Cbd oil for pls

Cannabis-based drug may help to relieve symptoms of motor neuron disease

A multicenter study published today on Lancet Neurology suggests, for the first time, that chemical compounds derived from the cannabis sativa plant may help ease symptoms of spasticity – tight or stiff muscles – in patients with moto neuron diseases. The therapy, a THC-CBD mouth spray, has been recently approved also for symptomatic treatment of spasticity in multiple sclerosis. The study, possible thanks to the support of the Italian Research Foundation for Amyotrophic Lateral Sclerosis (AriSLA), was conducted by a group of physician-scientists of IRCCS Ospedale San Raffaele and Università Vita-Salute San Raffaele, led by Professor Giancarlo Comi, director of the Institute of Experimental Neurology.

Spasticity is a common symptom in motor neuron disease, a rapidly progressive, fatal neurodegenerative disorder affecting the nerve cells that control muscle movement (motor neurons). It occurs to a variable degree in people with amyotrophic lateral sclerosis (ALS), the most common and severe form of motor neuron disease, and is a defining characteristic of primary lateral sclerosis (PLS), that is rarer and progresses more slowly. While there are several drugs to relieve spasticity, evidence for their effectiveness is scant and they do not sufficiently improve symptoms in all patients. Moreover, they can have undesirable side effects, such as increasing muscle weakness and fatigue.

Previous research has found possible therapeutic benefits of cannabinoids (components of the cannabis plant) to include muscle relaxation, appetite stimulation, and pain-relieving, anticonvulsant, and anti-inflammatory effects in patients with other neurological conditions. Cannabinoids have been licensed in several countries for symptomatic treatment of spasticity in multiple sclerosis, and are increasingly recognized as a valuable option for the management of pain.

To investigate whether cannabinoids might also reduce spasticity in motor neuron disease, Italian researchers recruited 60 adults (aged 18-80 years) with ALS or PLS from four tertiary motor neuron disease centers in Italy. To participate in the study, patients had to have experienced spasticity symptoms for at least 3 months and be taking a stable dose of any anti-spasticity medication for 30 days before enrolment and throughout the study.

Participants were randomized to receive a THC-CBD mouth spray (29 participants) or placebo (30) for 6 weeks. The number of sprays was gradually increased for the first 2 weeks of treatment until the optimum dose was reached, and then that dose was maintained for 4 weeks. Change in spasticity was assessed by a physician who rated the spasticity of each participant’s joints on the Modified Ashworth Scale (MAS) – an objective tool to evaluate intensity of muscle tone. Participants were also asked to keep a daily symptom diary on spasticity levels, pain, spasm frequency, and sleep disruption.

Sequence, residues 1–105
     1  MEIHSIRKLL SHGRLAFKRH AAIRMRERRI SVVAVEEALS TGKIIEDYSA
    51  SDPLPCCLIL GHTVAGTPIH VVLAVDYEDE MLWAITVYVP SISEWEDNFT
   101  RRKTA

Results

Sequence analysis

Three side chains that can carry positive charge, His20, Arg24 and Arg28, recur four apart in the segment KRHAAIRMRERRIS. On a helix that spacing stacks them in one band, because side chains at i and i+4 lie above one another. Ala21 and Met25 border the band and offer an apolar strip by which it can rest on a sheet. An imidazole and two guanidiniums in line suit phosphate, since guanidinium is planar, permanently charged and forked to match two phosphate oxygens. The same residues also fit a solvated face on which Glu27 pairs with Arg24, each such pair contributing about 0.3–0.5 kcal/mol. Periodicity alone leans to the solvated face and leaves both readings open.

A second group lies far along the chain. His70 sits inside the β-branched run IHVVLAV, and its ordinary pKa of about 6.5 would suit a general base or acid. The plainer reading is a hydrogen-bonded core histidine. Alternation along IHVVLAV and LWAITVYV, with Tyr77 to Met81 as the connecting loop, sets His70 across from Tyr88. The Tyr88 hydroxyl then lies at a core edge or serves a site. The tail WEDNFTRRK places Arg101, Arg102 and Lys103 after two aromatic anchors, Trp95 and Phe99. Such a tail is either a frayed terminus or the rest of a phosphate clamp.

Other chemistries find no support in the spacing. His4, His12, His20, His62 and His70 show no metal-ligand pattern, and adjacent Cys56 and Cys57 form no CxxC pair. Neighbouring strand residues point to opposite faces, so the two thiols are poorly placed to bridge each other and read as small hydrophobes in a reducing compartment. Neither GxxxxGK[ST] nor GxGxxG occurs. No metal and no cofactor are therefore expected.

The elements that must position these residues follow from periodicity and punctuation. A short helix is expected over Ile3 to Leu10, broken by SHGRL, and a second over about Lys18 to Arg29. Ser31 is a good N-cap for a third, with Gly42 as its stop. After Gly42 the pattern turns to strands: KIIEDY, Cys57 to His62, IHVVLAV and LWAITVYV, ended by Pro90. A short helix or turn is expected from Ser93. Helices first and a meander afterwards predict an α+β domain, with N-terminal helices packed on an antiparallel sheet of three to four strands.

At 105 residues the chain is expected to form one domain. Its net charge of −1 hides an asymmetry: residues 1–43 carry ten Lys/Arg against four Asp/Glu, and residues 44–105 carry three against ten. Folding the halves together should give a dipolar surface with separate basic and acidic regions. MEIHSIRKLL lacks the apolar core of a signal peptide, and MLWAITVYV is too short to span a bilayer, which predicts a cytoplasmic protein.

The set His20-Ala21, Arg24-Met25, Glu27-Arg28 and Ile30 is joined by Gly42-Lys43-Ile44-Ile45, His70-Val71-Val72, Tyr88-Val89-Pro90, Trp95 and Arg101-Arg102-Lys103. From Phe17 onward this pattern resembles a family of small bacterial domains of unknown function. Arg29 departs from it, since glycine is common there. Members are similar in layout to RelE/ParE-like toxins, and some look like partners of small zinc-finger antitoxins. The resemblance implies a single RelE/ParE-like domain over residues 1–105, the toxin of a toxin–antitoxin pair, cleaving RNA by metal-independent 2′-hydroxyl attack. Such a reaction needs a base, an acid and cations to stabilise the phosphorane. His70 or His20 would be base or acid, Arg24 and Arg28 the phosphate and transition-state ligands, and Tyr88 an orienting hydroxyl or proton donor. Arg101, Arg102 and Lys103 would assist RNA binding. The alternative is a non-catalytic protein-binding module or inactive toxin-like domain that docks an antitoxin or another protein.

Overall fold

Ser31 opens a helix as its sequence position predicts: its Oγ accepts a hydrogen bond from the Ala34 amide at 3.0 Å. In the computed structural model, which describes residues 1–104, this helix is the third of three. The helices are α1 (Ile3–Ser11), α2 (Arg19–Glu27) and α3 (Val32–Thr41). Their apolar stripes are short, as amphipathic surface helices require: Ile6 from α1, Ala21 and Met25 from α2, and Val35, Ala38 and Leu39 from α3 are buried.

At the end of treatment (6 weeks), spasticity was significantly improved in the THC-CBD spray group compared with the placebo group. Additionally, the number of participants treated with THC-CBD spray reporting an improvement was significantly higher compared with participants receiving placebo. Finally, pain scores were significantly improved in the THC-CBD spray group compared with placebo.

Overall, THC-CBD spray was well tolerated and adverse events were mild to moderate and typical of cannabinoids: asthenia (loss of energy and fatigue), somnolence (sleepiness), vertigo and nausea. There were no serious adverse events and no participants permanently discontinued treatment.

There is no cure for motor neuron disease, so improved symptom control and quality of life are important for patients,” says dr Nilo Riva, first author of the study. “Our proof-of-concept trial showed a beneficial effect of THC-CBD spray in people on treatment-resistant spasticity and pain. Despite these encouraging findings, we must first confirm that THC-CBD spray is effective and safe in larger, longer term phase 3 trials.

Nilo Riva , Gabriele Mora , Gianni Sorarù, Christian Lunetta , Ottavia E. Ferraro Yuri Falzone, Letizia Leocani, Raffaella Fazio, Mauro Comola, Giancarlo Comi for the CANALS Study Group, Safety and Efficacy on Spasticity Symptoms of a Cannabis Sativa Extract in Motor Neuron Disease Patients (CANALS): a Multicentre, Randomized, Double-Blind, Placebo-Controlled phase 2 trial , The Lancet Neurology, Dec 2018.

[Self-medication with cannabidiol oil in a patient with primary lateral sclerosis]

Many patients with neurological disorders have symptoms which are difficult to treat with conventional medication. In this case report we present a 40-year-old male patient with primary lateral sclerosis who used cannabidiol oil as therapy. We discuss the evidence of the effects of cannabidiol in the treatment of patients with neurological disease, and we raise the question: “Should patients who use illegal cannabis products as self-medication be diagnosed as drug abusers?”

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